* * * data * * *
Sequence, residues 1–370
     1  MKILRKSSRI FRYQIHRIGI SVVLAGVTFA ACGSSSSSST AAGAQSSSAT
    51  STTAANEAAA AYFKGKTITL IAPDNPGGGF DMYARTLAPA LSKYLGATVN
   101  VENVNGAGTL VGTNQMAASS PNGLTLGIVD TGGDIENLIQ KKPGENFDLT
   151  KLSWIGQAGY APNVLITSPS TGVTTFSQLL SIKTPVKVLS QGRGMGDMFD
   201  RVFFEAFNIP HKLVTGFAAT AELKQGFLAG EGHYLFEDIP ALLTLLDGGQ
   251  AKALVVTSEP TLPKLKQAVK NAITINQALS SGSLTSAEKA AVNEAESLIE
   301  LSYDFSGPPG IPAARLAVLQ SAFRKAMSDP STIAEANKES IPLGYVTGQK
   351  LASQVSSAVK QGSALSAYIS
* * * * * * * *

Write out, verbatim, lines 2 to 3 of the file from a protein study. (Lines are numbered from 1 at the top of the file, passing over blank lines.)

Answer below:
     1  MKILRKSSRI FRYQIHRIGI SVVLAGVTFA ACGSSSSSST AAGAQSSSAT
    51  STTAANEAAA AYFKGKTITL IAPDNPGGGF DMYARTLAPA LSKYLGATVN